Tommy Robinson slapped with 9 months in jail for ‘contempt of court’

Tommy Robinson slapped with 9 months in jail for ‘contempt of court’

In a video shared by his supporters online after his sentencing, he which he wore a black shirt emblazoned with "convicted for journalism", Robinson called on his supporter to protest.

The crowd marched towards the Old Bailey chanting "we want Tommy out" before some began pelting police with bottles and cans.

They then went onto nearby College Green where they were filmed intimidating broadcasters who use the space to report on Westminster politics.

Judge Victoria Sharp said in the Old Bailey courthouse that the prison term was necessary to "properly reflect the gravity of the conduct". The video clips revealed the identities of defendants.

A reporting restriction was in place which postponed the publication of any details of the case until the end of all the trials involving 29 people.

In a written ruling, Dame Victoria said Robinson had claimed his intention in making the broadcast was to "denounce the media" for their behaviour.

He served 10 weeks in jail before being freed after the original finding of contempt was overturned by the Court of Appeal in August 2018.

Robinson, 36, from Luton, Bedfordshire, broadcast the footage while the jury in the second of a series of linked grooming trials was considering its verdict.

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The office said Robinson was sentenced to six months in prison for that incident and a further three months for a previous contempt.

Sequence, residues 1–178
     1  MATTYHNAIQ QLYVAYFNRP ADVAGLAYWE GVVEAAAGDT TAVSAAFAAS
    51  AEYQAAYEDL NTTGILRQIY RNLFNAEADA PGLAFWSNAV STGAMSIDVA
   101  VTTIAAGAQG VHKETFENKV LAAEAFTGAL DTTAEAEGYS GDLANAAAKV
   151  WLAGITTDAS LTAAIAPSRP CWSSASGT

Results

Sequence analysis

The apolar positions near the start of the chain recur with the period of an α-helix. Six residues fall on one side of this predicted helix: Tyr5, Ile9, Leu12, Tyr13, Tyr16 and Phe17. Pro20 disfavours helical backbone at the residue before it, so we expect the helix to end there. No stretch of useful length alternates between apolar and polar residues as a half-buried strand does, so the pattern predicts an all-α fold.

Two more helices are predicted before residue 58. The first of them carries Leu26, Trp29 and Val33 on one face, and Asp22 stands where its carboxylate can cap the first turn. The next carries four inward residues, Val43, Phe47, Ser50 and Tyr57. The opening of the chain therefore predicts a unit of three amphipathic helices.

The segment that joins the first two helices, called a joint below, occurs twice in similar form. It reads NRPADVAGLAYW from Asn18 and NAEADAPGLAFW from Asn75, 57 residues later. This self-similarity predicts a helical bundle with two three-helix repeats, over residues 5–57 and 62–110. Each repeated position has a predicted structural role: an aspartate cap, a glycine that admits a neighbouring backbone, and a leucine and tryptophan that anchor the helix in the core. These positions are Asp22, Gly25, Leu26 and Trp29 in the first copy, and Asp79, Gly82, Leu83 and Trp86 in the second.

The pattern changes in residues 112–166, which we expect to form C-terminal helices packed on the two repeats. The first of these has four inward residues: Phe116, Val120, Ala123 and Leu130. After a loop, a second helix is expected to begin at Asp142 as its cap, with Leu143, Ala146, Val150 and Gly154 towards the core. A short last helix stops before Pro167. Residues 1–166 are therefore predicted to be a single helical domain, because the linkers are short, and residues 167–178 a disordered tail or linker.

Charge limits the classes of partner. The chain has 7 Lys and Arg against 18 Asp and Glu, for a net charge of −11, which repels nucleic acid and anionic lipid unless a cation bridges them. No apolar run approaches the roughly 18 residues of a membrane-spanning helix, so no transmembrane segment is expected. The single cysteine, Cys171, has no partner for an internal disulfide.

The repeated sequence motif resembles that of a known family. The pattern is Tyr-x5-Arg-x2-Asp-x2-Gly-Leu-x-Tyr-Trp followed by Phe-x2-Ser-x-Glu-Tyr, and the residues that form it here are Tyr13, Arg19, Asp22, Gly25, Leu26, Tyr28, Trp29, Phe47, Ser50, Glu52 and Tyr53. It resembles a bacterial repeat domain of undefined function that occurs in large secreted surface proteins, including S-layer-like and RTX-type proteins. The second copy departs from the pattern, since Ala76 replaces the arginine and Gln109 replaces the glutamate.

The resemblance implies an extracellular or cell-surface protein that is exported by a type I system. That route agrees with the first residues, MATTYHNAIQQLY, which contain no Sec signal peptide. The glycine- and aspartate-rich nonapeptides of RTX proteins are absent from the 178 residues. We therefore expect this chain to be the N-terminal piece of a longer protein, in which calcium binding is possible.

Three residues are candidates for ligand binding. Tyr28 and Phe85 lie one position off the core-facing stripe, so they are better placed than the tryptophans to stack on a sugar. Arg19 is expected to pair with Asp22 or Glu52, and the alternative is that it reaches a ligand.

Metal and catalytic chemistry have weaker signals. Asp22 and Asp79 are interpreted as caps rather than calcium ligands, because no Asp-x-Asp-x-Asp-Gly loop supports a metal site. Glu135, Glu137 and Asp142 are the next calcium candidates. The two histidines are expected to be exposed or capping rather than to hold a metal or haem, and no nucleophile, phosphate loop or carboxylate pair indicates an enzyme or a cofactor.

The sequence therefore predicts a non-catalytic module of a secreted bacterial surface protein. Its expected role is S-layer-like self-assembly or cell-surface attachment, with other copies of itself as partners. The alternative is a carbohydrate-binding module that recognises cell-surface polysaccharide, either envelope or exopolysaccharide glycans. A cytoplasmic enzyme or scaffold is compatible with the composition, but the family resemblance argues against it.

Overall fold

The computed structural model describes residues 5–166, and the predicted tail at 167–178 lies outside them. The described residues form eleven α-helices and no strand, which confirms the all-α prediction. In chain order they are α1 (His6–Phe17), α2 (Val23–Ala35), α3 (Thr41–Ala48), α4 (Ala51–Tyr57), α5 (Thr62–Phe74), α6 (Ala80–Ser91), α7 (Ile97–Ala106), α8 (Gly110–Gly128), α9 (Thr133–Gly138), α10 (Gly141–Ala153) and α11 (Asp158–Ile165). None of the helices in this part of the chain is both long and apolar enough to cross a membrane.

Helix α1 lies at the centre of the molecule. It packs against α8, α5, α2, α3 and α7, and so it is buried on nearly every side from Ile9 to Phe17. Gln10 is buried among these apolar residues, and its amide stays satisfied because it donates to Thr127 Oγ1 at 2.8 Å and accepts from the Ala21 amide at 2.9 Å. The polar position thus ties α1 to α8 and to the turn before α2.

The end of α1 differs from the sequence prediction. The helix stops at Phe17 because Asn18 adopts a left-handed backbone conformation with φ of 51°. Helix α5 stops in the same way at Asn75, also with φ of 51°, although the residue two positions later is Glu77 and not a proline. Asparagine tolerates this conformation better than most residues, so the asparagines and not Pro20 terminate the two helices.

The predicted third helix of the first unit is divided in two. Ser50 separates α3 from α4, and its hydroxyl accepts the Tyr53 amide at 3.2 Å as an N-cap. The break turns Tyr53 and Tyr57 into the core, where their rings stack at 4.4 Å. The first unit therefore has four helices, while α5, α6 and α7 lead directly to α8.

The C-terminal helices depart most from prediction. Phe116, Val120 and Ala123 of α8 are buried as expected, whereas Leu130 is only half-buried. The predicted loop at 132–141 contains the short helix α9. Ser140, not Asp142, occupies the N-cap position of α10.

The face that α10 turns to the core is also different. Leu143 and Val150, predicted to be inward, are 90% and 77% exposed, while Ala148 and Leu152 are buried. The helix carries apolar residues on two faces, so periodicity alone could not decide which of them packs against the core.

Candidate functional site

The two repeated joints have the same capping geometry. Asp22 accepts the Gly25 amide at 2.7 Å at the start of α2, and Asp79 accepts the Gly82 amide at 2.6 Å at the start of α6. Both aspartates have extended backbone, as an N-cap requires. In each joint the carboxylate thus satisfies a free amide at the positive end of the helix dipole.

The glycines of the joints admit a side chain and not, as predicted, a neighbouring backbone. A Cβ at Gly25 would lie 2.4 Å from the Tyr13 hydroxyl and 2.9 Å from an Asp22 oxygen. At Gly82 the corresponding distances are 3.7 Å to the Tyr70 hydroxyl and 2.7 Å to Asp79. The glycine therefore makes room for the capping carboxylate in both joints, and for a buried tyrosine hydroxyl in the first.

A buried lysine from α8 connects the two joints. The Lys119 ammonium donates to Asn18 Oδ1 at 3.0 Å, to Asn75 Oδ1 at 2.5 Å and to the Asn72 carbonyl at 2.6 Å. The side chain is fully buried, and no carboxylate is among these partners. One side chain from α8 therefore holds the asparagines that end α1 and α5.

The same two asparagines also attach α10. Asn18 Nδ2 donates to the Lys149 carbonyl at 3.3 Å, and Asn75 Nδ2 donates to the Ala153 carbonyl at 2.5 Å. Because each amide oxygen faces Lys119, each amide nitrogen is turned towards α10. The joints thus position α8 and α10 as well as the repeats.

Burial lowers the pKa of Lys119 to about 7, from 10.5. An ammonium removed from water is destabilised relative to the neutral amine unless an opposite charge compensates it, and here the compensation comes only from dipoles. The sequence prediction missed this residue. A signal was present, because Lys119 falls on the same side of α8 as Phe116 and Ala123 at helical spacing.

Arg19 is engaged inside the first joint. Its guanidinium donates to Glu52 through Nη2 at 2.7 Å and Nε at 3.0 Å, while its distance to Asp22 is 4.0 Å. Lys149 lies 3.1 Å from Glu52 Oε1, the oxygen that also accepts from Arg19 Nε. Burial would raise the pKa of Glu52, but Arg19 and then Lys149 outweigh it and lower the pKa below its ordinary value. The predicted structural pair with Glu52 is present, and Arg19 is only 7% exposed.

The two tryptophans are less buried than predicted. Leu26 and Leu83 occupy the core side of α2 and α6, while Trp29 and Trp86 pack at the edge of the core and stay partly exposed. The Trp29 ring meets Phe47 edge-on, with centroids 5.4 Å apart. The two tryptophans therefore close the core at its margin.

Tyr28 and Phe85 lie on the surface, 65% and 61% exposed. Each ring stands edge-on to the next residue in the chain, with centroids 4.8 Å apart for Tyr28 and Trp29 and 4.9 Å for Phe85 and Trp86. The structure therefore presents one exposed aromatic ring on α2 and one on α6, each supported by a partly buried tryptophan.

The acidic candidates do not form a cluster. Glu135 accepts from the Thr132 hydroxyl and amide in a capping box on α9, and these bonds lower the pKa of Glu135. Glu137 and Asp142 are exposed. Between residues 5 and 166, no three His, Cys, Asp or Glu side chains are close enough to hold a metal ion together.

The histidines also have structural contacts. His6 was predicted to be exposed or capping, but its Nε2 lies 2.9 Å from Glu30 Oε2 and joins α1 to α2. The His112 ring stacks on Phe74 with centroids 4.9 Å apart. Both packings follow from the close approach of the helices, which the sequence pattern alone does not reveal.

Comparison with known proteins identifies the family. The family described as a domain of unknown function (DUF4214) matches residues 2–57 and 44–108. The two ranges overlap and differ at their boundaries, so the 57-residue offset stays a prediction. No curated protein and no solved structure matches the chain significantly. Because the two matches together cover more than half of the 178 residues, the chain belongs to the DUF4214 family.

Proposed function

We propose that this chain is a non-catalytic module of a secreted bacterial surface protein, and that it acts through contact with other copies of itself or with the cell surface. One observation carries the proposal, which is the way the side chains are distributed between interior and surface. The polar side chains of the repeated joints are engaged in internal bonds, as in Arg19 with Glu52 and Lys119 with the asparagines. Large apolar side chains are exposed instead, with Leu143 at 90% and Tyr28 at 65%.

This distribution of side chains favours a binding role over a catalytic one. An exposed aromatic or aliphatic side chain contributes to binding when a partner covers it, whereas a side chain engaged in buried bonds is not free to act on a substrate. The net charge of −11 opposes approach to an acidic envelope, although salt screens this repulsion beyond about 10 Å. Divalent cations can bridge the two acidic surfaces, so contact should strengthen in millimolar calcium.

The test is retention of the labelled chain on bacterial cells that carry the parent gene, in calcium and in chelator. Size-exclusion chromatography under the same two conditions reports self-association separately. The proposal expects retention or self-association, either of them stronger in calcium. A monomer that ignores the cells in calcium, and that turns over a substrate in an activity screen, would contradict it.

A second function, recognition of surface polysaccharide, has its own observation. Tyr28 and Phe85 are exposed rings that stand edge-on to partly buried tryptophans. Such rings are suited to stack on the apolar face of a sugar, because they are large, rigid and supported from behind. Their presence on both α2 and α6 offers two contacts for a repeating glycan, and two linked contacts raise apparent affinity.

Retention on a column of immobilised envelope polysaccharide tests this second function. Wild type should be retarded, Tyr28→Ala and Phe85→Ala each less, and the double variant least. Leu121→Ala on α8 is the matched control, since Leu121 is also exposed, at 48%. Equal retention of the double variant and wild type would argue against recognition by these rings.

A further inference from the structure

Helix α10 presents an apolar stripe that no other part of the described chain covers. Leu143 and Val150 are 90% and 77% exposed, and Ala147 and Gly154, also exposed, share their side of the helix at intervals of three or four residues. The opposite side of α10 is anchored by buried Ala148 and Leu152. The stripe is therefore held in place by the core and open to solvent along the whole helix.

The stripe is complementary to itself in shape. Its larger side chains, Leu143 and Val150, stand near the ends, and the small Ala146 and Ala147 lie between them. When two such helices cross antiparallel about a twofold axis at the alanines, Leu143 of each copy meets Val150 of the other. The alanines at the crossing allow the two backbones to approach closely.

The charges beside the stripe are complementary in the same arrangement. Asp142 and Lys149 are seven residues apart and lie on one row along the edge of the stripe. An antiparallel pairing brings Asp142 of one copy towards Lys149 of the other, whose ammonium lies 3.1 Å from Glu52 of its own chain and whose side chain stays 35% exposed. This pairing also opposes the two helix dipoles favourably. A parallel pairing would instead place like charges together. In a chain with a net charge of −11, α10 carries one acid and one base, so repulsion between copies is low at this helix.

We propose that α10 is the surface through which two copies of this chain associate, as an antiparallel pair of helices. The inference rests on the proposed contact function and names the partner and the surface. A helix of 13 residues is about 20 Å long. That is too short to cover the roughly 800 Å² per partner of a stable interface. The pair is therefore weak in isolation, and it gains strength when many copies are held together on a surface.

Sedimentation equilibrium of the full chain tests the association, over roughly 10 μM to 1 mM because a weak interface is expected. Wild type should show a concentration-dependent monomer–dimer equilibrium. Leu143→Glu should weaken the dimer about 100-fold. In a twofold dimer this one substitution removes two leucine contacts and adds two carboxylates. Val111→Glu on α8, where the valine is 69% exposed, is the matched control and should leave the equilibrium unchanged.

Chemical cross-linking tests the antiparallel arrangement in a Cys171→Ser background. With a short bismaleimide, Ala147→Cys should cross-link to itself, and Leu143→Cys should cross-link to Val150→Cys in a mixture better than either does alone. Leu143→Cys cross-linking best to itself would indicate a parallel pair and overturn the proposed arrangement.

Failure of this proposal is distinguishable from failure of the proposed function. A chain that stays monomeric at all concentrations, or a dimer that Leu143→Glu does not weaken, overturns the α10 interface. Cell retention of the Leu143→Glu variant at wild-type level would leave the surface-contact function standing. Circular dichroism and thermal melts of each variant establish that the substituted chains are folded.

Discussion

The impact the live streaming nearly allowed the groomers to walk free from conviction at Leeds Crown Court, It had such a serious impact on proceedings that the legal proceedings were nearly dropped.

At the Old Bailey on Thursday, Dame Victoria Sharp told Robinson that the time he previously spent behind bars for contempt would be taken into account, reducing his sentence to 19 weeks - of which he would serve half before being released.

Robinson's barrister Richard Furlong raised the possibility of an appeal against the court's decision and was told he has 28 days to apply.

Anyone found in contempt of court can be jailed for up to two years, receive an unlimited fine, or both.

"By aggressively confronting and filming some of the defendants in that case as they arrived at court, he interfered with the course of justice", the British Attorney General's Office said a statement announcing the 9-month sentence Thursday.

Contempt includes publishing anything that creates a substantial risk of seriously prejudicing "active" criminal proceedings.

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